The President of the Law Council of Australia handed down a scathing analysis of the state of Australia’s legal system at the National Press Club in Canberra last month. In the first speech the Law Council has given at the club in 15 years, President Morry Bailes claimed that Australia’s legal system had become too expensive for many Australians to access justice. He said the legal assistance sector and courts needed an immediate injection of $390 million “as a minimum” to get back on their feet and to serve Australians in need. “Our longstanding reputation as a fair, open-hearted and prosperous country with a strong legal system has distracted us from an uncomfortable truth: the growing numbers of people unable to access justice who are excluded from that system and thus from equality before the law,” said Bailes. Bailes and Immediate Past-President Fiona McLeod addressed a live audience at the Press Club, as well as a large number of online viewers who watched a live stream, for the first “Justice State of the Nation” address by the Law Council. They released a progress report and three early recommendations from the Justice Project – a review of the state of access to justice in Australia overseen by former High Court Chief Justice Robert French. These recommendations included the need for a whole-of- government approach to reform, introduction of justice impact tests for government policies, and a major boost in funding for legal assistance and the courts. “During the Justice Project I heard stories that moved and stunned me,” said McLeod. “Australia needs a plan. The Justice Project will provide us with a roadmap.” Data from the National Association of Community Legal Centres (NACLC) in 2017 showed that Australia’s community legal centres were turning away more than 160,000 people every year due to a lack of resources. These centres provide free legal help to the most vulnerable and disadvantaged groups in Australia, with the 2017 NACLC Census showing 15.3 per cent of community legal centre clients identified as Aboriginal or Torres Strait Islanders and 26.6 per cent had a disability. Bailes said that as the gap between rich and poor widened, growing numbers of Australians were being caught in the “missing middle”, unable to afford lawyers but unable to qualify for legal aid. “These are the ordinary working people who cannot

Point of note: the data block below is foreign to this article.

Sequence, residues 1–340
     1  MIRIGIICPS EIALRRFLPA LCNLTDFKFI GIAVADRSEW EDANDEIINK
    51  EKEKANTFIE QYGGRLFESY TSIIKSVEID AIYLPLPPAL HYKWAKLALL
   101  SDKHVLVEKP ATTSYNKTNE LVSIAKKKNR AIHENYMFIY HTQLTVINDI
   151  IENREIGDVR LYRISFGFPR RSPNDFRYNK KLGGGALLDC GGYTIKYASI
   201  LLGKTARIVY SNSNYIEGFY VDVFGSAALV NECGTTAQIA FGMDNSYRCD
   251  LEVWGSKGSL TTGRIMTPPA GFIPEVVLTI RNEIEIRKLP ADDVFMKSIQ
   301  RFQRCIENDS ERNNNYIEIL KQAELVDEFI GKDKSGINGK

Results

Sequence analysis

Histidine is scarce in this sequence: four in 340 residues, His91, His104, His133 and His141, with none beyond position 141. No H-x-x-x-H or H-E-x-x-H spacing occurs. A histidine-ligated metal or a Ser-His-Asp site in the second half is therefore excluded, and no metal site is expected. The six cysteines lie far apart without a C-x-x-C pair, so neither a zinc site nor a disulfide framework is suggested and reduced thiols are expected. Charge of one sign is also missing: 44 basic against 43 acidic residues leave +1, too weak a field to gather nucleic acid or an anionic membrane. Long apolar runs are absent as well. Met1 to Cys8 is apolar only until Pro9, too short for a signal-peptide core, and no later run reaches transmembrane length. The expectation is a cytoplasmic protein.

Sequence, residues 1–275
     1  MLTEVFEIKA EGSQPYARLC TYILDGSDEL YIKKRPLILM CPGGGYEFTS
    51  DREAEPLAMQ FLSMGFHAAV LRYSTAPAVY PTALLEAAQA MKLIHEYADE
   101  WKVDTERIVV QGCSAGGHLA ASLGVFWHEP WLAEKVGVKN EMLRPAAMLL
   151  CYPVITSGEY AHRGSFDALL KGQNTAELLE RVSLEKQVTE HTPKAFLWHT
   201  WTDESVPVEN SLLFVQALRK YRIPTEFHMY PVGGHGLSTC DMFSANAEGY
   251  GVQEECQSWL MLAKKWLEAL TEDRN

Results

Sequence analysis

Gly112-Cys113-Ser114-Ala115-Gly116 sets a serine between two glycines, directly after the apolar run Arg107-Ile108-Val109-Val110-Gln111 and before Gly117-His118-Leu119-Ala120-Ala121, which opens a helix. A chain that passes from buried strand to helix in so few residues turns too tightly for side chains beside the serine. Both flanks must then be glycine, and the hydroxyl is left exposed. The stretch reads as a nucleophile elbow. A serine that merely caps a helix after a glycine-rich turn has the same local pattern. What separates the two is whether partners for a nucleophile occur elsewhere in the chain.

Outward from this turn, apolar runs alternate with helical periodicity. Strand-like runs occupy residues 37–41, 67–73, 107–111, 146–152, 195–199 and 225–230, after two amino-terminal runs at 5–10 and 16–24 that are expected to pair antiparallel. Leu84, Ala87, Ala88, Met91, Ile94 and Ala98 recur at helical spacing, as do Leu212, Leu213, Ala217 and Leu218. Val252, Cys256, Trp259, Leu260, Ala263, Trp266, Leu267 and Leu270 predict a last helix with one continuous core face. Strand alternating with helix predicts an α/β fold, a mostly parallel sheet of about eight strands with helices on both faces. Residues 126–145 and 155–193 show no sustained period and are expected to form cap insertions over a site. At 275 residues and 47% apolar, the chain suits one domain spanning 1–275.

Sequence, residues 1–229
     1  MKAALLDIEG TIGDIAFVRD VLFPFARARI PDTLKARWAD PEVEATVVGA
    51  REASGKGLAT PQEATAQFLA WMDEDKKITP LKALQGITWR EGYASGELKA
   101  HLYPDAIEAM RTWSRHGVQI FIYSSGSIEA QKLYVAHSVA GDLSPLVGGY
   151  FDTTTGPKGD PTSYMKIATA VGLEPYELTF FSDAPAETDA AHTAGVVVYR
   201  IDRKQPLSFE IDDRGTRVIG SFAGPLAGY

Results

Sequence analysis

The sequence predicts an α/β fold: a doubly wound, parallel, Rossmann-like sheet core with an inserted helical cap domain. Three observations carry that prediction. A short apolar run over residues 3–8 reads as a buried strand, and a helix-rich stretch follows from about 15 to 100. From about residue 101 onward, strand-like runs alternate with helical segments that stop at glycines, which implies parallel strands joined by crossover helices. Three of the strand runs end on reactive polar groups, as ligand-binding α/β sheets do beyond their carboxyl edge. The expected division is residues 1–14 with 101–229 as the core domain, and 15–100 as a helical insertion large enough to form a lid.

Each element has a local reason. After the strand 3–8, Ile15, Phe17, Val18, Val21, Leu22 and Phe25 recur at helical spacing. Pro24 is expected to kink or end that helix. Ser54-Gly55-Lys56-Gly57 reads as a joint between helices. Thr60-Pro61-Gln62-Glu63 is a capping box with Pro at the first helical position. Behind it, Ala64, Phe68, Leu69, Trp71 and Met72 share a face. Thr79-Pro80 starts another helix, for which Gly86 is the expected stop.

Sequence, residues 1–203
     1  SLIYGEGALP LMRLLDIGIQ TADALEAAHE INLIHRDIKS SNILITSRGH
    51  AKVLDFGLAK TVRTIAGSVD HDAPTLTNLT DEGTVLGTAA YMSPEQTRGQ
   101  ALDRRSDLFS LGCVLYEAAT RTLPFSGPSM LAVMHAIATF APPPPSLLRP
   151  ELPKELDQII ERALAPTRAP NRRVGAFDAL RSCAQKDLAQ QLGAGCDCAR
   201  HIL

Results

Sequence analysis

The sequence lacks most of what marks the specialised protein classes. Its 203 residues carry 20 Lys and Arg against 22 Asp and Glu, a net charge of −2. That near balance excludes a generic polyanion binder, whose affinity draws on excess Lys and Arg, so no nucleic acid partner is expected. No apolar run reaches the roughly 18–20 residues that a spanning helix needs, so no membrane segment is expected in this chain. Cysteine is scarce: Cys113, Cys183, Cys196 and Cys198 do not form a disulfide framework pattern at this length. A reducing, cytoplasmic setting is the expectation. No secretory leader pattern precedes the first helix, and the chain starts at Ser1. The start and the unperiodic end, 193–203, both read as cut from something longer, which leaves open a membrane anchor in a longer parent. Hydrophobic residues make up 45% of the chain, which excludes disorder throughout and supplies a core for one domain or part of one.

Centre: National Press Club Chair Sabra Lane with Law Council Immediate Past President Fiona McLeod (left) and President Morry Bailes.

afford legal representation for everyday legal concerns such as commercial matters, family law, injury compensation,” said Bailes. “Those in the ‘missing middle’ . . . fall through the cracks in our justice system.” His comments follow the release of the Household Financial Comfort Report in 2017 which found job insecurity, cuts in wages and underemployment were putting Australian households under increasing strain. While many wealthy households were experiencing income gains, 41 per cent of households earning less than $40,000 reported income losses, the report said. Bailes made an impassioned plea for the government to introduce reforms that would help to correct the “catastrophic over-incarceration of Aboriginal and Torres Strait Islander peoples”. The Australian Bureau of Statistics reported last year that this group was the most incarcerated people on earth by percentage of population (2,346 per 100,000). “We need to tackle the many contributing factors such as the state of bail and parole conditions, mandatory sentencing laws, and the failure to institute early intervention strategies and address intergenerational trauma,” said Bailes. “The work of the Law Council is now more important than ever. We must bring our strongest and most measured arguments to the table to defend the rule of law.” You can read the full speeches at speeches/national-press-club-address-justice-state-of-the- nation

14 LSJ I ISSUE 43 I APRIL 2018